For the past year, the debate over transit funding has been hard to escape. Metrolinx has had its round of consultations. The Toronto Region Board of Trade stepped up with support. CivicAction’s What Would You Do With 32? campaign, backed by a variety of business and social leaders, stressed the personal loss that worsening congestion will bring in added commute times. The debate hasn’t stopped at the 416/905 boundary, and recognition that inaction is unacceptable pervades the region. Will new revenue streams be an easy sell? No, but at least politicians are engaging us on it now.
The Toronto Problem
Now we come to Toronto, centrepiece of the region, with half its population and by far the largest and best-used transit network. Metrolinx asked all municipalities to comment on possible funding tools, and Toronto passed this task on to its professional staff. The response, a long report [PDF], is the one that came before the executive committee on April 23. It’s the one that committee decided to defer until after Metrolinx had issued its recommendations.
Council’s rules of procedure are designed to give extra power to the mayor and executive, in part, to prevent a pesky minority from advancing business that a “majority government” of the mayor and council don’t support. (We use the quotation marks because, without political parties at City Hall, the terms technically don’t quite fit. They capture the dynamics accurately, however.) Toronto effectively has a “minority government” with the mayor and his shrinking band of loyal allies cornered by opposition on council. The rules require a super-majority, a two-thirds vote, to seize the agenda from the mayor’s control. If the mayor can exploit division among his opposition, building minority coalitions just big enough, he can thwart votes to undo his policies.
A little over a year ago, that tactic failed, and council held a special meeting to reinstate a long-standing plan to build several new light rail lines in the city. Control of the transit agenda passed to Karen Stintz and a coalition for whom Ford’s subways-subways-subways mantra was an empty promise obstructing real progress on transit expansion.
The question of revenue tools should come before council so that the entire assembly, the representatives of all voters, can decide which options they support, and more generally how transportation planning and spending should proceed.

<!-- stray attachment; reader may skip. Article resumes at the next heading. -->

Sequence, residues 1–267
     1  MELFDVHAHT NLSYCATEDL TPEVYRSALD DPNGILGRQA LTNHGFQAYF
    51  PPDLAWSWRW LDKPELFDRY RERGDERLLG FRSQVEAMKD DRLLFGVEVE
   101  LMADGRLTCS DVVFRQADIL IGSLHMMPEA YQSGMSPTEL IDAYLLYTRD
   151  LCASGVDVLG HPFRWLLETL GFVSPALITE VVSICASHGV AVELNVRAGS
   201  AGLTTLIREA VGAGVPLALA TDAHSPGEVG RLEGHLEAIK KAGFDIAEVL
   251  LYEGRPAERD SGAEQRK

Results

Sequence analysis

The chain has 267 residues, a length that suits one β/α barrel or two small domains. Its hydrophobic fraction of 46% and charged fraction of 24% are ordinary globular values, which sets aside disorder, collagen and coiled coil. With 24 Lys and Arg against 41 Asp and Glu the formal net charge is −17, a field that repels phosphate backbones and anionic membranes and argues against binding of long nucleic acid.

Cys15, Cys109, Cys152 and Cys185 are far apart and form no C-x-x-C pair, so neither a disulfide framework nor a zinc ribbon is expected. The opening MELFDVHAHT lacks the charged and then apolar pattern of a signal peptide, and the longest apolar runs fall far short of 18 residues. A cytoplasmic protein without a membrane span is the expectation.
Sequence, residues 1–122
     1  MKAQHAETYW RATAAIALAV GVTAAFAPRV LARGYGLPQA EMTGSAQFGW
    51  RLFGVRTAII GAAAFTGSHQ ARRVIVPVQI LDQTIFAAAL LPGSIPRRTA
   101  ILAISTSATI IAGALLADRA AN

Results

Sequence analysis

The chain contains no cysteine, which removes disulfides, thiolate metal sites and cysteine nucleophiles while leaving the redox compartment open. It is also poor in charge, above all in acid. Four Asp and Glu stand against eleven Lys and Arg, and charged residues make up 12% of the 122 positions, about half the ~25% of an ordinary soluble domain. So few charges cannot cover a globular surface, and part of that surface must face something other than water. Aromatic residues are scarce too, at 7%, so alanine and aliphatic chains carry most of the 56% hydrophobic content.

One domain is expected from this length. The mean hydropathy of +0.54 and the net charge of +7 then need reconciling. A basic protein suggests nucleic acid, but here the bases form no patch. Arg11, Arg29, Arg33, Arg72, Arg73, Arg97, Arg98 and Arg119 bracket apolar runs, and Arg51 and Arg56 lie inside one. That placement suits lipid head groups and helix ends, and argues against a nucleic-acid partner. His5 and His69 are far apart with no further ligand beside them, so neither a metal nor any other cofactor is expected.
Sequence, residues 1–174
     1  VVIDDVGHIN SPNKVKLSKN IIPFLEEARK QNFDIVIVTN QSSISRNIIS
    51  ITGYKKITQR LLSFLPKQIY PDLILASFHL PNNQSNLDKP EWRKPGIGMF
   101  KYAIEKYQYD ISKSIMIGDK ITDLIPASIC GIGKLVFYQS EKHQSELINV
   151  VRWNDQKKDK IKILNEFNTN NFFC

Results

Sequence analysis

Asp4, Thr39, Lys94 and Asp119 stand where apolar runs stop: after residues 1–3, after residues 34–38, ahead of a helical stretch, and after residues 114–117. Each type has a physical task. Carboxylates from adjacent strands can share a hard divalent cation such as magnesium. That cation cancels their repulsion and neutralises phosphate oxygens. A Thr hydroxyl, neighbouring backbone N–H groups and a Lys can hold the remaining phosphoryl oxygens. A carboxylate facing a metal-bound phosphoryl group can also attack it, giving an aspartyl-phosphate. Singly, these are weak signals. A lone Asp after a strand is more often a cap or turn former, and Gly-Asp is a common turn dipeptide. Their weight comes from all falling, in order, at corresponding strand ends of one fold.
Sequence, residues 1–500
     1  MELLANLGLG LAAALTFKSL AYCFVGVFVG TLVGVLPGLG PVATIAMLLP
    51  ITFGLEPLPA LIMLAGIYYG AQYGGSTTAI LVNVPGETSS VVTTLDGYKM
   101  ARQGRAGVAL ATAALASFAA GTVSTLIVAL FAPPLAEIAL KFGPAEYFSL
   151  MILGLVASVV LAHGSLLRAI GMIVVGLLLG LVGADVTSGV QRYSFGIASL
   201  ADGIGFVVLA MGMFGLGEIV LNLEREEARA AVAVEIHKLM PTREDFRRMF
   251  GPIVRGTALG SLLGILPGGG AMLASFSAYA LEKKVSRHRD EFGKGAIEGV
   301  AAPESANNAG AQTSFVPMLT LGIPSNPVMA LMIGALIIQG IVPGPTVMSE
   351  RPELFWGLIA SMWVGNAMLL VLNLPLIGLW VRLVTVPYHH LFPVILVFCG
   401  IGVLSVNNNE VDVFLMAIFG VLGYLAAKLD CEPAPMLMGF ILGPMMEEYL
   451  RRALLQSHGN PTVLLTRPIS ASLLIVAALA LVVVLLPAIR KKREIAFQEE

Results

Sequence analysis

Six members of the executive committee think they know better. Some of them hope for a new political dawn with a Tory government installed at Queen’s Park. A mayor who cares so much for his taxpayers and his city places his faith in a change of the guard at the Pink Palace. Everyone else can step aside.
That’s not how government is supposed to work in Toronto. The arrogant meddling of the mayor and a few of his puffed-up lieutenants should not prevent us from having a proper, complete debate on this vital issue. If Toronto really does not want Queen’s Park to levy new taxes or pay for expanded transit, then let council say so.
The process has been used before and it is quite simple: if 30 councillors, two-thirds of council, work together, they can run the table, control not just votes but the process of conducting city business. Nobody likes the idea of paying more for anything, but that train has left the station. If we want more transportation, if we want to support the regional economy, if we want to reduce the paralysis on roads and transit, we must pay. The questions now are how much we need, and which revenue sources we will tap.
City council deserves a chance to debate these questions and to participate in unlocking decades of inaction, of political gridlock. We deserve a government that is willing to have that debate.
Rob Ford has sabotaged Toronto’s transit planning, and much more, for too long. Where are the 30 who will put this wretched mayor in his place?